Authenticity has many guises. An especially sensitive case is Debussy's opera Pelleas et Melisande. John Eliot Gardiner's edition, given under his direction by the Lyons Opera at last year's Proms and rebroadcast a fortnight ago, chimes topi- cally with Opera North's recent production of the Ur-version of Mussorgsky's Boris and the current Glyndebourne Figaro with period instruments.
Debussy worked on Pelleas over the decade from 1892 and the score is an archaeological record of his struggle to eliminate both Wagner and the dead hand of the native tradition, alongside his assi- milation of Mussorgsky and his discovery and refinement of his own unique voice. The eventual upshot does not so much synthesise as suspend all these in a style that remains a triumph of manner over matter. (Sometimes mannerism — not for nothing were its early aesthetical admirers nicknamed les Pelleastres.) One of its boldest features, the 'cinema- tic' rapidity with which its episodes dis- solved into each other, was lost in the first production (1902), since Debussy had to provide new orchestral interludes to cover scene changes. Moreover some of his favourite orchestral ideas (tending, natur- ally, towards nuance rather than virtuosity) proved impracticable and were 'conven- tionalised'. So performances were already inauthentic from the start. One difficulty was easily solved: the cuts imposed by the censor were opened out in later revivals, Far more problematic was the composer himself: his slovenly and self-contradictory proof-reading, his alterations for subse- quent productions and his habit of emend- ing his own and other copies of the published material right up to the end of his life have led to a situation where, in effect, no one true version of Pelleas is possible.
So what are authenticity's goals here? Gardiner left out the expanded interludes (as the ENO had in its 1982 production).
This brings only dubious advantage. Clear- ly the omission does help recover the original conception. And there is certainly some weak music here whose loss will not be regretted. Working at speed tended to reveal what with deliberation Debussy carefully concealed, the shadow of Wag- ner. Yet just for this reason, the interpola- tions also contain passages of high inspira- tion, more explicit in their emotion than elsewhere. They give the drama room to breathe and ' space within which to re- verberate; they make it more Universal. Does one prefer his advertence or his inadvertence? He never made a later move to delete them.
The most interesting feature of Gardin- er's performarice was the recreation of a chamber-music ideal within the orchestra, whereby, as Debussy said, 'the 16th violin is as important as the first'. His desire for pure timbres, without mixing or doubling, was accompanied by ideas about seating which abolished the traditional blocs of orchestral families in favour of a sonority more acoustically sensitive and various. To his realisation of part, at least, of such not wholly practicable wishes, Gardiner has added the benefit of his considerable ex- perience with authentic performance of French music of the 17th and 18th centur- ies, whose congruity with the spirit of Pelleas has always been recognised.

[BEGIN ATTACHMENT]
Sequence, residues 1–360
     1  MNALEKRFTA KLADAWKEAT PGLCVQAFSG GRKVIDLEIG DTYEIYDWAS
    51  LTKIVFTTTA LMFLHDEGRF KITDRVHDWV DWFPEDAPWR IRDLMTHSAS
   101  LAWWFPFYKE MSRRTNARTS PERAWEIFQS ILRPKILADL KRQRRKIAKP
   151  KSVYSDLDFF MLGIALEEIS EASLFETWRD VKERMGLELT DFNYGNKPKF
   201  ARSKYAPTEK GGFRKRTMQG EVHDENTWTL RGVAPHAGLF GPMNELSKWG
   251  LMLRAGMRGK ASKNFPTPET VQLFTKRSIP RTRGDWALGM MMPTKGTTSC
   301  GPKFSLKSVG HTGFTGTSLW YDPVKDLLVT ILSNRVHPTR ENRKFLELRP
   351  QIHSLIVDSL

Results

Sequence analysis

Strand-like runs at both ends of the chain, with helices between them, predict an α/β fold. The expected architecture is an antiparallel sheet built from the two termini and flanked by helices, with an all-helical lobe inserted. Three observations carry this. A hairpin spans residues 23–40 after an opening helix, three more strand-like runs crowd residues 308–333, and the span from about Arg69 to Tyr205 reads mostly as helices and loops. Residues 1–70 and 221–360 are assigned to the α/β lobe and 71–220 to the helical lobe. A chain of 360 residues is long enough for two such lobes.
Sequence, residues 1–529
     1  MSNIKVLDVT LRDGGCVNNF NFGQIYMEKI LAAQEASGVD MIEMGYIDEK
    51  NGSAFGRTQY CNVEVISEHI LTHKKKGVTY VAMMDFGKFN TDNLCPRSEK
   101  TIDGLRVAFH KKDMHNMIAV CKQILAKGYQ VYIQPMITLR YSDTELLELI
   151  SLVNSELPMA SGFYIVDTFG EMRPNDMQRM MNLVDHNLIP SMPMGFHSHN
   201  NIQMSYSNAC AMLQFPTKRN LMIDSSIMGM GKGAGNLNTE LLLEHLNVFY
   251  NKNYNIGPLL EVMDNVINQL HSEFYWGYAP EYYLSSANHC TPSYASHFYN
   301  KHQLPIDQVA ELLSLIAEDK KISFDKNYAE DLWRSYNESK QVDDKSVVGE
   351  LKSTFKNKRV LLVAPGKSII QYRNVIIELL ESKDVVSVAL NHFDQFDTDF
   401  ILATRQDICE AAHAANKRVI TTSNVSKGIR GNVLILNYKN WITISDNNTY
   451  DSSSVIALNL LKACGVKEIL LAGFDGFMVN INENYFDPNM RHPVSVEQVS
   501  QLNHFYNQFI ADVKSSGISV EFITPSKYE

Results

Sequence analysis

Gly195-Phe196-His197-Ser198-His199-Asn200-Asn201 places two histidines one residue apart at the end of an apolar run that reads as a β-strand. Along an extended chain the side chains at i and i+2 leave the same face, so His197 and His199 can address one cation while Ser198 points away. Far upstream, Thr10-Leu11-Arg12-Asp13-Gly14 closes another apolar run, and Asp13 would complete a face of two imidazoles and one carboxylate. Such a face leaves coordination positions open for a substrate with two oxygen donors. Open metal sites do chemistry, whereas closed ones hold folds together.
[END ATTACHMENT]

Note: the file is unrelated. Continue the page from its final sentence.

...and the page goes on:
The result had a different 'feel' — a Mussergskian monochrome with a distinct- ly un-Muss6rgskian refinement and preci- sion. The closing moments of Act I can stand for many instances where the fragile atmosphere was beautifully caught — the twilit seashore, the wind rising, the myste- rious voiees of• sailors casting off to depart into the night, the youth and' the waiflike girl' with her arms full of flowers left momentarily alone together for the first time.
Many such felicities could not disguise the sharp drop of inspiration in Acts IV and V nor reconcile a lover of the work to the regrettable losses in the interludes. But all in all this was a fascinating achievement. If put on to disc as it deserves, it will be the antithesis of the famous recording by Kara- jan where, needless to say, every Wagne- rian touch is in place and the entire opera given with a full-blooded surge that the authentic Pelleastre tends to disdain. The approaches are complementary; each pro- vides an indispensable that the other lacks, and one can scarcely choose between them. But when Gardiner said in the interval talk that so far as Pelleas goes 'Wagner is a red herring' I shook my head in amazement. Still, this long-exploded anti-Teutonism?! For all its newness De- bussy's opera, even in its putatively au- thentic form, would not exist without Tristan and Parsifal behind it.
Robin Holloway's study of Debussy and Wagner was published by Eulenberg in 1978.